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Arab leaders offer Syria billions in aid and sanctions relief if Assad repels Iran

Arab leaders offer Syria billions in aid and sanctions relief if Assad repels Iran

Arab leaders offer Syria billions in aid and sanctions relief if Assad repels Iran

Via Canarias,

Arab leaders are offering Syrian President Bashar al-Assad a deal that includes billions of dollars for reconstruction efforts and a commitment to pressure the West to lift sanctions in return “[asking] Iran stops expanding its footprint in the nation.” according to Arab and European officials who spoke to the Wall Street Journal.

Other conditions set by the leaders of the unnamed Arab nations include a pledge by Damascus to engage with opposition and rebel groups, accept Arab troops to “protect returning refugees” and crack down on the captagon drug trade.

Image: SANA via AP

The secret talks gained momentum after devastating earthquakes struck Turkey and Syria last month, killing 6,000 in the Levantine nation alone.

However, a Syrian government adviser told the WSJ that Assad “has shown no interest in political reform or willingness to host Arab troops.” Western powers have also made little effort to lift crushing sanctions or stop politicizing humanitarian aid deliveries.

Last month, US State Department spokesman Ned Price urged the international community not to allow humanitarian assistance in Syria to be accompanied by normalization, stressing: “[Washington’s] The position on the Assad regime has not changed.”

Talks between Damascus and Arab leaders are backed by Saudi Arabia, which recently agreed to restore ties with Iran in a deal brokered by China. In recent weeks, Saudi officials have called for an end to Syria’s isolation to allow a response to its dire humanitarian crisis.

“There is a consensus in the Arab world that the status quo is not sustainable. And that means we have to find a way to go beyond this status quo,” said Saudi Foreign Minister, the Prince Faisal bin Farhan Al Saud earlier this month.

European and Arab officials also confirmed this to the WSJ Syria’s regional reintegration to be high on agenda of upcoming Arab League summit, which will be held later this year in Saudi Arabia. In recent weeks, Jordan and Egypt sent their foreign ministers to Damascus for their first diplomatic visits since the war broke out in 2011.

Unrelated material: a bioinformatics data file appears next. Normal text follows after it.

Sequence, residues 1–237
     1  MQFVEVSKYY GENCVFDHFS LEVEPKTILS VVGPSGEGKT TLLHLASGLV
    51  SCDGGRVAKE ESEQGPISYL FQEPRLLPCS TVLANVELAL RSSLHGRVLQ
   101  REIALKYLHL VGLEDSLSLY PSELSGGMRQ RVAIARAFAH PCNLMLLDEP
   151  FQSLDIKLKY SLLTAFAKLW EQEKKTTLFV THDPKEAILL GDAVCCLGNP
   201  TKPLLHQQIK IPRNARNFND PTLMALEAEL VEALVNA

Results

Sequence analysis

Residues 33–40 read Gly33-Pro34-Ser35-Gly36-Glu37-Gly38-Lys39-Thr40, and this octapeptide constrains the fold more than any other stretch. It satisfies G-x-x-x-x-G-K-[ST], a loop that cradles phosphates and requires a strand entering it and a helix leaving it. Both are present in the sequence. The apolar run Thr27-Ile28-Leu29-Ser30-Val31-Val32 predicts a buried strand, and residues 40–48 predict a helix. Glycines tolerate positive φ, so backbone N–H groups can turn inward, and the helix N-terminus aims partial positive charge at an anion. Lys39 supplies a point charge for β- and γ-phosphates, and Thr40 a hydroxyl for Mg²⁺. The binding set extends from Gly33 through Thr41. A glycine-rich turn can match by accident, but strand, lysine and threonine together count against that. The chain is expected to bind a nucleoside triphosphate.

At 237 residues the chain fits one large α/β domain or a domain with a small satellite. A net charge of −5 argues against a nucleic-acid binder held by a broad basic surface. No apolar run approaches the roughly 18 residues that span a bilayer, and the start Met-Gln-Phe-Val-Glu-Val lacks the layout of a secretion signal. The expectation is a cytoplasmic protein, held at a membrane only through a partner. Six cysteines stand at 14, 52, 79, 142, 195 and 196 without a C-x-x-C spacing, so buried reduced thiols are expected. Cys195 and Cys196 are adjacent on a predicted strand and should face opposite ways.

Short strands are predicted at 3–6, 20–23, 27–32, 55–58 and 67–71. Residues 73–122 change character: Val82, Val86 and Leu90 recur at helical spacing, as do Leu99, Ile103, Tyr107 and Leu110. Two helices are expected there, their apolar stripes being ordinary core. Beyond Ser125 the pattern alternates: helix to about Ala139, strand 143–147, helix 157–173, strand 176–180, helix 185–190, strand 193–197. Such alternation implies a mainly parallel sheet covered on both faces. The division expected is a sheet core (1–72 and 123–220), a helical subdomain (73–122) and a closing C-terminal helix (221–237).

Cairo, in particular, is spearheading a reconciliation plan that proposes restoring relations between Syria and Arab states to pre-2011 levels, returning Syria to the League of Arab States and negotiating the deployment of joint “Arab forces” on the border Syrian-Iraqi, according to exclusive information made available to The Cradle.

Dana Stroul, who spoke as co-chair of the Syria Study Group in 2019, acknowledged that the United States voted to keep its troops in Syria to secure “resource-rich” areas and to achieve an outcome that “advances and protects” American interests. .

— In context (@incontextmedia) March 12, 2023

Other Arab nations responsible for fueling the war in its early stages, such as Tunisia, have announced plans to restore diplomatic relations.

Even before the earthquake, Arab nations had slowly begun to rebuild ties with Syria after more than a decade of war and isolation, citing the failure of the US-sponsored war and concerns over the growing presence of They will go to the country.

Despite these concerns, Iran has welcomed progress between Syria and the Arab world. This was said by the spokesman of the Iranian Ministry of Foreign Affairs, Nasser Kanaani “A realistic approach” and “a positive step towards Islamic solidarity”.

Damascus has repeatedly denied “inaccurate reports about Iranian military forces in Syria” and asserts that “the number of Iranian advisers in Syria does not exceed 100”.

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